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Dan Igo

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Christian Harder adjusts to life after Black Friday

13 Jul 2011

By Dan Igo
LAS VEGAS -- Christian Harder knows he’s pretty fortunate -- especially in comparison to most American online poker players after Black Friday.

The Maryland-based professional, known by his online handle "charder30", has over $3 million in online tournament winnings, according to Bluff Magazine. And he is well known in the Internet poker community for playing high-stakes tournaments and cash games.

But unlike strictly online-based players, Harder has plenty of live tournament experience as well. That experience has made the transition into a world without online poker a lot easier for him than for his fellow professionals.

“I definitely feel bad for kids like that who have no experience and probably have most of their money tied up,” he said. “It doubly hurts. Luckily I enjoy live poker and I've played a lot of it. I've almost been playing all live poker in the last six months anyways.”

Harder’s first major live cash was at the PokerStars Caribbean Adventure in 2008, where he finished in seventh place in the main event and won $200,000. He’s cashed in events in Germany and England as well and is a veteran of the tournament circuit.
Christian Harder (right) earned more than $3 million playing online poker.

Christian Harder (right) earned more than $3 million playing online poker. (photo by Vin Narayanan)

Harder said that up until a few years ago he had done most of his poker playing online. He began focusing more on live play in the last couple of years, and has only been playing online about 20 hours a week for the past six months.

But despite spending more time in the casino, Harder says he still misses being able to play in the comfort of his own home.

"Two years ago I might have been playing about 40 hours a week but it's kind of been getting less and less,” he said. “I still like it. I still wish it was around, obviously."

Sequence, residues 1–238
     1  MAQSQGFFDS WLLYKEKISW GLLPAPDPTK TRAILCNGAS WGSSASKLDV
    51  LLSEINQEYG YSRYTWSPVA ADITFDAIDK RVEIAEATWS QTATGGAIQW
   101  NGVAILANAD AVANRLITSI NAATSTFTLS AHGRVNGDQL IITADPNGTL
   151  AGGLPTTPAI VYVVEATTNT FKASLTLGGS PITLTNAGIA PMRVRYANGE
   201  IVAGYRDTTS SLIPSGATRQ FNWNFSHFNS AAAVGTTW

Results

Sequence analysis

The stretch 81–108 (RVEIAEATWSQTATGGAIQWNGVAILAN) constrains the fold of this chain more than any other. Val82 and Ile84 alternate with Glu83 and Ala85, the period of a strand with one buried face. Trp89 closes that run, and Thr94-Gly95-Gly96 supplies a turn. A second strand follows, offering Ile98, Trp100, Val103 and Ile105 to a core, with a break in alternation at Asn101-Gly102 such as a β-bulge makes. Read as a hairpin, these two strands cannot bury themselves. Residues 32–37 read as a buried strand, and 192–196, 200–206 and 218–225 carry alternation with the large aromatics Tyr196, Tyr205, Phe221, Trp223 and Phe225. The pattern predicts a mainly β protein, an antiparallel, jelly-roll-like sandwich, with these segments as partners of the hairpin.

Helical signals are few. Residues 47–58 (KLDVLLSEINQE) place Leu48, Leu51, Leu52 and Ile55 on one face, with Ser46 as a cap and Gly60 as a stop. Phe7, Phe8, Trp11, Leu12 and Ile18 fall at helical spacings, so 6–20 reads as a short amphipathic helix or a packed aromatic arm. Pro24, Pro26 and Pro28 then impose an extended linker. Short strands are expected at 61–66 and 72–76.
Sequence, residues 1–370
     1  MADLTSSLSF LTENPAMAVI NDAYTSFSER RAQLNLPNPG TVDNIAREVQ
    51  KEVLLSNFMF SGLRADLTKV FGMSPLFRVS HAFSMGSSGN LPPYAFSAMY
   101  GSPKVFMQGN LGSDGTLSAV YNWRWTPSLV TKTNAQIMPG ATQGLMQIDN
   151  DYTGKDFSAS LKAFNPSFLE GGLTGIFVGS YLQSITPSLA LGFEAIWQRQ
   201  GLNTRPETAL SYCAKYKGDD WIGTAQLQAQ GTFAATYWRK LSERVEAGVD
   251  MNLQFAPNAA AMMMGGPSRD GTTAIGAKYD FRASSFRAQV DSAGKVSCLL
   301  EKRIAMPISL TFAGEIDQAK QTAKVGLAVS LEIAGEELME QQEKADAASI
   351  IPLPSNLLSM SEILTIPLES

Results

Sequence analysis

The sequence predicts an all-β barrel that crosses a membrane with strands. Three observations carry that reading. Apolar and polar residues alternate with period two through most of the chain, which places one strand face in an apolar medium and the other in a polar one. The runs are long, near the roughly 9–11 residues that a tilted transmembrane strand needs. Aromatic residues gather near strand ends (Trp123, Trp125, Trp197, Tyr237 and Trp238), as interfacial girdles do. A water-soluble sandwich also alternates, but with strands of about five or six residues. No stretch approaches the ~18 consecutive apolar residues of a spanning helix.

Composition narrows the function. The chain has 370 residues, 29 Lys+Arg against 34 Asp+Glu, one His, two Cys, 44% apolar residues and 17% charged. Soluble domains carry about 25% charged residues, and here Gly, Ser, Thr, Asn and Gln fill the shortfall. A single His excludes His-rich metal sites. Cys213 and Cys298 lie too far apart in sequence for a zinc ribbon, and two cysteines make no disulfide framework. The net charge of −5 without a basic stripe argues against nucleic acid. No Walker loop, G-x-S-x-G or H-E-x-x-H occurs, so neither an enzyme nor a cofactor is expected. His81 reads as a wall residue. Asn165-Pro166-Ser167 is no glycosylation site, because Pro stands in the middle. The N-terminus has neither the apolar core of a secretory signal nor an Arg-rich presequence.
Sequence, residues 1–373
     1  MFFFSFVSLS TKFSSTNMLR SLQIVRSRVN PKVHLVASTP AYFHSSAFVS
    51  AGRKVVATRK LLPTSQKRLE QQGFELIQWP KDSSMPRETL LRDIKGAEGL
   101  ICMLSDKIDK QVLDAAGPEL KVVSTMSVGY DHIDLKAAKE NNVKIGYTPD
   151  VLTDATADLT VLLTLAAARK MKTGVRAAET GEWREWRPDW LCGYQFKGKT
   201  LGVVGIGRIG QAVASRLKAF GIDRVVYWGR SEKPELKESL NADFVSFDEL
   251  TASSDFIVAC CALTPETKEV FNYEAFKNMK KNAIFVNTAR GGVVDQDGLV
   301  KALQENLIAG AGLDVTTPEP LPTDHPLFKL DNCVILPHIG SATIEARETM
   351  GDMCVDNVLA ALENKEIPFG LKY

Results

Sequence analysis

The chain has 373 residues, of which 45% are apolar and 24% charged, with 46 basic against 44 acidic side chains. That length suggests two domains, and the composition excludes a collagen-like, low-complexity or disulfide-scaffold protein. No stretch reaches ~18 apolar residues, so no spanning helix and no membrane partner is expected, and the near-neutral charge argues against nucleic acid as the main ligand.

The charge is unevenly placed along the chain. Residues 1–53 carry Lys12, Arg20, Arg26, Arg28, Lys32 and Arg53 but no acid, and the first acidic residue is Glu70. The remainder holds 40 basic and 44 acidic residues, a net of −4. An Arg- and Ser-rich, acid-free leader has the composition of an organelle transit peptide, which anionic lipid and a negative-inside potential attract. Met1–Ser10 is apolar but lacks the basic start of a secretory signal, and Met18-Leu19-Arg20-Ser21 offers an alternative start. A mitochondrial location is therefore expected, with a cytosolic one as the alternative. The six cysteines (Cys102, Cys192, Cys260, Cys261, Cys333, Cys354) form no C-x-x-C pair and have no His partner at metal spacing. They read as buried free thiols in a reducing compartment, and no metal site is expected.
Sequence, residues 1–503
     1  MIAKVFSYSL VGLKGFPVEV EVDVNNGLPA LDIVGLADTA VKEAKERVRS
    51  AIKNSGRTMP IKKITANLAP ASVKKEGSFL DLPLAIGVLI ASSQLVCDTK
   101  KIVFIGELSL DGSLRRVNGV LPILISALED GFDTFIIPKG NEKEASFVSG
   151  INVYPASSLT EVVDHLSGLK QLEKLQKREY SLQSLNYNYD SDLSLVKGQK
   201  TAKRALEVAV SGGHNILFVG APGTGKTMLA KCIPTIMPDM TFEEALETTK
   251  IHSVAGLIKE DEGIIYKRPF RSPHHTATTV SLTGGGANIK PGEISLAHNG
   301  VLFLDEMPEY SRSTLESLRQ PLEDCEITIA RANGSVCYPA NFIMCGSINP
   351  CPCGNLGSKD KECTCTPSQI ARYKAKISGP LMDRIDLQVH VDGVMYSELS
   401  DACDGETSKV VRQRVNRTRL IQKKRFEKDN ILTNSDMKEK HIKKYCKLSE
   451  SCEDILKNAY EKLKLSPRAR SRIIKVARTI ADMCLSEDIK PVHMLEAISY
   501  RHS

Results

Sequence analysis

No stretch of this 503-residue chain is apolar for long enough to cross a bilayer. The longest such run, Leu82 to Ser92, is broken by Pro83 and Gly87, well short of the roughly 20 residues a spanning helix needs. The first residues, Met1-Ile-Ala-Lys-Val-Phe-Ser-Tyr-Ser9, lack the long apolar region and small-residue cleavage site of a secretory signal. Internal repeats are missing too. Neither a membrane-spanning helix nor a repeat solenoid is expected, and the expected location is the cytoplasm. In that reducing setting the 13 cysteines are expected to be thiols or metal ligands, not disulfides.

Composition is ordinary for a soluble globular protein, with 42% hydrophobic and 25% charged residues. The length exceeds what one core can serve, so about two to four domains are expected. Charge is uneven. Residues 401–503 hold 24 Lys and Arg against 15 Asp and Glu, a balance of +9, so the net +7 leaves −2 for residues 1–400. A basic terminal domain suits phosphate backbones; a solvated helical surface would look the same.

Harder says he hasn’t really felt the full effects of Black Friday because he’s been traveling on the circuit the last few months. He finished in 17th place in the WPT Championship in Las Vegas in May and then flew back to Maryland for two weeks. He was back in Vegas on June 1 playing in WSOP events.

He’s had a solid WSOP so far. He survived the first two days of the Main Event with a healthy chip stack of 135,600. He’s cashed in three events this WSOP, including a fourth-place finish in a $3,000 Pot Limit Omaha event. That score earned him over $132,000. He has cashed in 12 WSOP events in his career, including a 100th-place finish in last year’s Main Event.

Harder says he hasn’t changed his tournament schedule because of Black Friday, but that all can change in the future.

“Pretty much as soon as Black Friday happened I played the WPT Championship,” he said. “I came home and then flew out to Vegas. So there's nothing really different that I would have added. But I guess from September to January I'll probably play some more tournaments and play some more cash games in Atlantic City.”

The sudden shutdown of online poker in the United States came as a real surprise to “charder30.” He had money on both PokerStars and Full Tilt Poker, two of the three poker sites that were targeted by the U.S. federal government.

“I was in shock. I guess I kind of expected it to come in the future but for it to happen so quickly and so all of a sudden. Things literally unraveled in a matter of hours. It was quite a shock because there was no warning," he said.

Getting money back has been a bone of contention for American players, and Harder is no exception. PokerStars has already paid out over $100 million to U.S. customers. However, Full Tilt has not repaid any American players and recently lost its gaming license from Alderney.

"I have a little bit tied up on Full Tilt, which is unfortunate,” Harder said. “But not nearly as much as most of my friends. Luckily most of my money was on PokerStars, which I got back.”

Friday will mark the three-month anniversary of Black Friday, with the long-term effects of that fateful day not even close to being realized. The World Series of Poker has seen no short-term effects as attendance has been up in nearly every event. And Harder hopes there will be serious long-term effects as more and more Americans get used to a world without online poker.

“In the near future this is probably what I want to do. Hopefully down the road [online poker] will come back, so it won't be a huge deal,” he said.

And Harder thinks online poker will come back to the United States, but not anytime soon.

“I don't think it will happen in the next six months or anything but I think it will happen,” he said. “I think it will come eventually.”
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